(Jan. 26) MOBILE, Alabama — The only way for federal courts to stop making a mess of political redistricting is for them to stop assessing district maps through racial lenses.

A federal three-judge panel in Alabama on Monday ordered that the state’s new congressional district lines be reengineered within two weeks to create a second black-majority district, or “something quite close to it.” Never mind that for 30 years the state has had a stable percentage of black voters (roughly 25%-27%) and that courts approved markedly similar district maps, maps in which six of the seven districts had white majority populations, for that entire time.

In sum, the judges are saying that what was acceptable under the Constitution and the federal Voting Rights Act for 30 years is no longer acceptable now, even though neither the Constitution nor the act’s redistricting provisions, nor the population’s racial percentages, have changed. Apparently, laws, just like words for Humpty Dumpty in Wonderland, mean for some judges “just what I choose [them] to mean,” changing like the patterns of a kaleidoscope.

Then again, the Supreme Court itself has created a horribly thorny legal and logical thicket around redistricting. In the 1993 case of Shaw v. Reno and the 1995 case of Miller v. Johnson, it ruled that any district drawn predominantly on the basis of race violates the Equal Protection Clause of the 14th Amendment and that the Voting Rights Act does not necessarily require the creation of a “majority-minority district” where one has not previously existed. The latter understanding was confirmed in Cooper v. Harris in 2017. On the other hand, the court has never overturned the 1986 Thornburg v. Gingles decision that said sometimes a minority-majority district must be created.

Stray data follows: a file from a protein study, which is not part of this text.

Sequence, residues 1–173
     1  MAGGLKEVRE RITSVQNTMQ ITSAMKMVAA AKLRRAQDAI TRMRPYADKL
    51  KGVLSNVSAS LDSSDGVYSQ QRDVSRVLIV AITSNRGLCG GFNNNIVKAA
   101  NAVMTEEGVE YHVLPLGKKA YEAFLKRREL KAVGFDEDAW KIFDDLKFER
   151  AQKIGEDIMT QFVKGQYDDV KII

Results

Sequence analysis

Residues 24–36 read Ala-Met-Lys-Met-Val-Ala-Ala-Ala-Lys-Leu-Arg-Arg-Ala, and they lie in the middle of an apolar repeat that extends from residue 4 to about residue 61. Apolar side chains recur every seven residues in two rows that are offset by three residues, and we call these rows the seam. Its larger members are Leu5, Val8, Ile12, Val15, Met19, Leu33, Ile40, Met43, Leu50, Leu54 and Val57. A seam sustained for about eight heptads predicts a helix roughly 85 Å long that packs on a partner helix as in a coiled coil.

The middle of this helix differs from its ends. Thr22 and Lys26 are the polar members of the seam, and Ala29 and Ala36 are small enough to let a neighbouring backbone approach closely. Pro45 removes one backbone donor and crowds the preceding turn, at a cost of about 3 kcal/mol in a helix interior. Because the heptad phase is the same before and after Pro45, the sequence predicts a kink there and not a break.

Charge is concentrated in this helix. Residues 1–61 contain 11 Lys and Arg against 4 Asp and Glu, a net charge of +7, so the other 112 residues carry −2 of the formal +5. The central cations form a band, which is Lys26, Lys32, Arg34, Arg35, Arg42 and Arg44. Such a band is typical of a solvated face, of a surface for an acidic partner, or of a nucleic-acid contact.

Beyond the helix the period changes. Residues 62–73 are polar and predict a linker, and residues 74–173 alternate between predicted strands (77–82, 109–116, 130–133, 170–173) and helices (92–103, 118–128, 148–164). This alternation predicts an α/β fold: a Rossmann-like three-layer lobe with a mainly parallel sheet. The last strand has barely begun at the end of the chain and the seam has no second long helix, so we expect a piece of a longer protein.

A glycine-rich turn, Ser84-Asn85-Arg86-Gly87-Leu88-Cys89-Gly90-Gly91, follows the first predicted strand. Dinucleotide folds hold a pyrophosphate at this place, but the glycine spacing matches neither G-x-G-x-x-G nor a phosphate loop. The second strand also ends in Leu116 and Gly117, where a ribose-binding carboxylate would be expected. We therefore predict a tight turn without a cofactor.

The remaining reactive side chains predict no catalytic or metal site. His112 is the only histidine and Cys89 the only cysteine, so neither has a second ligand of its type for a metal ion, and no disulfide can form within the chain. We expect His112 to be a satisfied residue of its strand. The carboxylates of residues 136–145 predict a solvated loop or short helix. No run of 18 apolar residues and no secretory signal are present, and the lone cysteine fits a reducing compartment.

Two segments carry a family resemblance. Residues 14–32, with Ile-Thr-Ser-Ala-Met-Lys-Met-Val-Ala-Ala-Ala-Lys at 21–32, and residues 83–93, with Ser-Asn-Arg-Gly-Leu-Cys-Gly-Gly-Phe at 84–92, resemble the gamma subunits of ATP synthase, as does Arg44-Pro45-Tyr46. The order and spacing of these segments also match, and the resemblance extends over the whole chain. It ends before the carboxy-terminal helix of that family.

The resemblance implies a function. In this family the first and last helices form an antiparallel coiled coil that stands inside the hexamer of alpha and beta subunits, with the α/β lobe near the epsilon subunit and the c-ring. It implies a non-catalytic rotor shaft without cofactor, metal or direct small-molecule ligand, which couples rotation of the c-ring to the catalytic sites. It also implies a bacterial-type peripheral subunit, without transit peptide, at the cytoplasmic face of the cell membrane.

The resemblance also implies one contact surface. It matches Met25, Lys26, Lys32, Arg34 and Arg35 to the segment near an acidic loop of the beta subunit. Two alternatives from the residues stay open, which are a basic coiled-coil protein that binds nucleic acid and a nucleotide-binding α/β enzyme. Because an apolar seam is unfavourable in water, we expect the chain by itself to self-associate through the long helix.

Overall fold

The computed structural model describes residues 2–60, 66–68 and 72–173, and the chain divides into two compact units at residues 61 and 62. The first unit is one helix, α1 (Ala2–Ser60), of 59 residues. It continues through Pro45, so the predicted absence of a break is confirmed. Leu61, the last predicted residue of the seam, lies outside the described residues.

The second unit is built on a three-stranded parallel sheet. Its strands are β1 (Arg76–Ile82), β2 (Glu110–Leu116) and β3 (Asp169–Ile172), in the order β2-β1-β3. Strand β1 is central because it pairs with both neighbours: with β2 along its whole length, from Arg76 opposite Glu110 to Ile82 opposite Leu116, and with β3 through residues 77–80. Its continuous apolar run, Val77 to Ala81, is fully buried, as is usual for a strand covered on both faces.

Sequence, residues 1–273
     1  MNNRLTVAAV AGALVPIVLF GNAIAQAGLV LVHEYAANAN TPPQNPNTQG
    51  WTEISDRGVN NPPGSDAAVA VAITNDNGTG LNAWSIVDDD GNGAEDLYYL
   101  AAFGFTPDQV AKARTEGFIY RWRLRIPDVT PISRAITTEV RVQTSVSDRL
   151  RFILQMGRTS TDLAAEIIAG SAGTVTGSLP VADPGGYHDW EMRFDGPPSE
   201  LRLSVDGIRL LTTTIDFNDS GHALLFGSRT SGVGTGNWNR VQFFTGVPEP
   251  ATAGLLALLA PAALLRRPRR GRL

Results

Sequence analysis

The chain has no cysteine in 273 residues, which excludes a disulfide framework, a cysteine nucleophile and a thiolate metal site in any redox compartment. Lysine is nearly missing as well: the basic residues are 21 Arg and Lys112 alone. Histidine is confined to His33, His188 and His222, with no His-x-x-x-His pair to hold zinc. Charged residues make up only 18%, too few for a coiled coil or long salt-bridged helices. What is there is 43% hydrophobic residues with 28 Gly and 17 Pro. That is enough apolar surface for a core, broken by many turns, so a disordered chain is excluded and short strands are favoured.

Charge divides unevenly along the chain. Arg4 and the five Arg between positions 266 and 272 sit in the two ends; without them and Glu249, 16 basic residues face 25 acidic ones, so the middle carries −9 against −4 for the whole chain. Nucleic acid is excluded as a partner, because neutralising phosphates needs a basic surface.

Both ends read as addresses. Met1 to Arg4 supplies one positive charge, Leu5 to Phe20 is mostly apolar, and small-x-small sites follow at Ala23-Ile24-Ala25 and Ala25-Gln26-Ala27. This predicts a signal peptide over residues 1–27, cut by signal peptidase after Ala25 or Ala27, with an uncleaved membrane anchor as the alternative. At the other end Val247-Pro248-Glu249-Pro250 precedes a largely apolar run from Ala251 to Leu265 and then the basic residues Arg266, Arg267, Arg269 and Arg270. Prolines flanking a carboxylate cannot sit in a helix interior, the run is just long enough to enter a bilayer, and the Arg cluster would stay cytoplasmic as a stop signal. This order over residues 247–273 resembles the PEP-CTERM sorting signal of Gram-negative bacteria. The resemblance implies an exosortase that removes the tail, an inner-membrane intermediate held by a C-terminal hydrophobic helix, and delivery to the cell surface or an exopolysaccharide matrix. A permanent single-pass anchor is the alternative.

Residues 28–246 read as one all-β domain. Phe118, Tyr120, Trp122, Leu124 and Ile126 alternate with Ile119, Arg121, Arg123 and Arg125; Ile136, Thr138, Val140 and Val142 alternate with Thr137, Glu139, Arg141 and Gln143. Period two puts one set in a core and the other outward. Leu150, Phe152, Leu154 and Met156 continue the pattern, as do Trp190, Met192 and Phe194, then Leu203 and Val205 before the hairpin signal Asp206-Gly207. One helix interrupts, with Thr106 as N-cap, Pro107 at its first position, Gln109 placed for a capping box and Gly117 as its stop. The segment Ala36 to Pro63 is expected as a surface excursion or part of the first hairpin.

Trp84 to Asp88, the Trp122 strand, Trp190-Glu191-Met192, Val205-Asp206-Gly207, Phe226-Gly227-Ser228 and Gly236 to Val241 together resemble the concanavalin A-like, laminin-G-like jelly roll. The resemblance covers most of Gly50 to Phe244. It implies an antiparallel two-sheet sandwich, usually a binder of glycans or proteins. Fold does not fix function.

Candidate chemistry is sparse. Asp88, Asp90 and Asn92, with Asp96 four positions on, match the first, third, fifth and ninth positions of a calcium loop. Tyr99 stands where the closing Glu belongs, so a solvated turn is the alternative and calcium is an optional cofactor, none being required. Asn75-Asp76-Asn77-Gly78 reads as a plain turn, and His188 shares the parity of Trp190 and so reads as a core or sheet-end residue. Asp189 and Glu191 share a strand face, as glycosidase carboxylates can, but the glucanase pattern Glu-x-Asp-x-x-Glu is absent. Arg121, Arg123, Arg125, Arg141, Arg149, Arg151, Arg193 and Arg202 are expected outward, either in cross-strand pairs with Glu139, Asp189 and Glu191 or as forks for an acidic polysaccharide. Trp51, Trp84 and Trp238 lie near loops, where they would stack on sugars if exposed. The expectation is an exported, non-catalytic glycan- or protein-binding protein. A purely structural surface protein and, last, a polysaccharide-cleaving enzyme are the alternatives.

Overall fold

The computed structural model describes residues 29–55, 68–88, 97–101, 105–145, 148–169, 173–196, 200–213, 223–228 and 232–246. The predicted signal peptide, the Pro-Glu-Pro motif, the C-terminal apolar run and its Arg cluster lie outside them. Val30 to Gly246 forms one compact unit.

Even more confusingly, sometimes courts have, and sometimes they haven’t, ruled that states also must not “dilute” black voting percentages in a district, so that, for example, a 60% majority must not be reduced to a 53% majority.

Yet if a legislature is being sued because it didn’t create a second black-majority district, what is it to do? Imagine one district with 45% of black registered voters and a neighboring district with 60%. Well, to turn the 45% into, say, 52%, that would (roughly) require the 60% black district to be reduced to 53% black. If you must make both districts majority black but you cannot “dilute” the 60% district, then what, pray tell, is the answer?…. [That’s just the start of the problems with this ruling. For more, read here.]


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